“Well folks, we’re a bit delayed because the airplane navigation lights aren’t working, but we’ll be fine.” I’d been lost in the book on my lap for the last 45 minutes when the captain’s announcement pulled me back to reality. I looked out the window at the fog and pouring rain. If it had been
I’d been feeling nervous and jittery, and beginning to wonder if I’d made an enormous mistake when 4 simple words dispelled my anxiety. Only hours ago I’d arrived in a new city, been introduced to twenty girls with whom I’d spend the next three weeks, and I’d retained the names of exactly zero so far.
If you take the time to wander around Bath, You’ll probably get lost You’ll begin to notice that everything. looks. the same., and You’ll feel so relaxed you won’t mind. Let me be the first to warn you. It’s all a facade! A big, giant, deception largely built by Britain’s high-class 18th century Georgian society.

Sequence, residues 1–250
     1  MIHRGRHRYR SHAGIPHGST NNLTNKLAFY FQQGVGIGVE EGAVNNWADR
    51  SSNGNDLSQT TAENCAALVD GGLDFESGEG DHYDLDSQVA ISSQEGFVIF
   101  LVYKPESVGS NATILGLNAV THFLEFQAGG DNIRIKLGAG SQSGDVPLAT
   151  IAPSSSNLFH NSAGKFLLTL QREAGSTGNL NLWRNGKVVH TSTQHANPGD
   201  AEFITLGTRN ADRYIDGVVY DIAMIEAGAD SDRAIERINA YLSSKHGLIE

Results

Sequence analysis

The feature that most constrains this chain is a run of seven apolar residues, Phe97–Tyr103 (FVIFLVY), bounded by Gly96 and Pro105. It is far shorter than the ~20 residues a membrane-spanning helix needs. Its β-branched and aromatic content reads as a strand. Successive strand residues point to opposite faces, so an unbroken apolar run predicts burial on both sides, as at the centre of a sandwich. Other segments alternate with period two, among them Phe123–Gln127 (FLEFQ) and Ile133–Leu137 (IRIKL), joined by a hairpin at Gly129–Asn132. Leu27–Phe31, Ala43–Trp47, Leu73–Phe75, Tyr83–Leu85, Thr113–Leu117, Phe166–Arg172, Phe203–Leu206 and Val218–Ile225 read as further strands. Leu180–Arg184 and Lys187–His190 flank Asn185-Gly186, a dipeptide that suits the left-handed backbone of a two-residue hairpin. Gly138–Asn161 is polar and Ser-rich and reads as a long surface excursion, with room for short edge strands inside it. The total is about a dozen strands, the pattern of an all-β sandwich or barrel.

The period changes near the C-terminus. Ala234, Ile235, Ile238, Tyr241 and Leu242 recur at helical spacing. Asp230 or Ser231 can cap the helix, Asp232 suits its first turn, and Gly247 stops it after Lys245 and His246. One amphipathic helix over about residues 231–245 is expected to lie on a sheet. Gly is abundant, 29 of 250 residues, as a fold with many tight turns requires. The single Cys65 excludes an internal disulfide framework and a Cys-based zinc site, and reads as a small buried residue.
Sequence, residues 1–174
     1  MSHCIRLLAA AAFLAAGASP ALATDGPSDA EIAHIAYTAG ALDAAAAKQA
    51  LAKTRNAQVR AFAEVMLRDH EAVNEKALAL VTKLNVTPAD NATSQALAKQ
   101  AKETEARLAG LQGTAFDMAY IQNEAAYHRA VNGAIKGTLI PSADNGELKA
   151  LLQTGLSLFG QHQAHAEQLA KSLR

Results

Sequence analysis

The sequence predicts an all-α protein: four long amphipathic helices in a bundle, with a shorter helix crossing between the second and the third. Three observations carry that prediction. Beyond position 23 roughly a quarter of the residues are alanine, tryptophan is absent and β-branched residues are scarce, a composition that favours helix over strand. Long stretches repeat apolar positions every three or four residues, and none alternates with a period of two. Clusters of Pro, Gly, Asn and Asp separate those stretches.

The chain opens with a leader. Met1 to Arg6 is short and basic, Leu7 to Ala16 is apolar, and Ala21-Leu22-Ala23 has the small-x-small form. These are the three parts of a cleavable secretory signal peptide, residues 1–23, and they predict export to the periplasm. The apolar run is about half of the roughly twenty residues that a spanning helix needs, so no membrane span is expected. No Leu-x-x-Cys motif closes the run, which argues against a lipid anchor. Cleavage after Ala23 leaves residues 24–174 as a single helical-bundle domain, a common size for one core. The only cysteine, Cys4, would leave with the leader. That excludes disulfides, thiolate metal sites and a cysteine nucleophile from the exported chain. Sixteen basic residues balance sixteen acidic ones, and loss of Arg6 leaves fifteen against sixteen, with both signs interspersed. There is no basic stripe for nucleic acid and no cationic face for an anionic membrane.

Jane Austen never really liked Bath, and didn’t do much writing while living there. Despite her disdain, Bath has become one of the more popular destinations for Austen fans. Not only did Austen live in Bath for a time, but she also set scenes in the city in several of her novels. Despite recognizing the absurdity of memorializing the author in a place she was happy to leave, I spent some time visiting several locations in Bath related to Austen and her brilliant heroines, starting with the Jane Austen Centre.
If like me, you can’t visit Bath during the annual Jane Austen festival -I desperately would love to attend!- don’t worry! You can still get into character and spend the day pretending to be Catherine Morland.
Have you ever thought about what goes into the preservation of the historic author museums we all love to visit? Let me tell you, so much more goes on behind the scenes than you’ll ever realize during your visit.
While some reclusive writers favor retreats hidden away, William Beckford instead built a tall tower everyone could see, with no inclination of inviting anyone inside. If you’re looking for a quiet retreat with a reading nook above the rooftops, the lower rooms of Beckford’s Tower are available for weekend rentals.
Jane Austen’s final unfinished manuscript parodies the aristocratic society of a fictional town modeled on Brighton, possibly due to humiliation by Prince Regent George IV.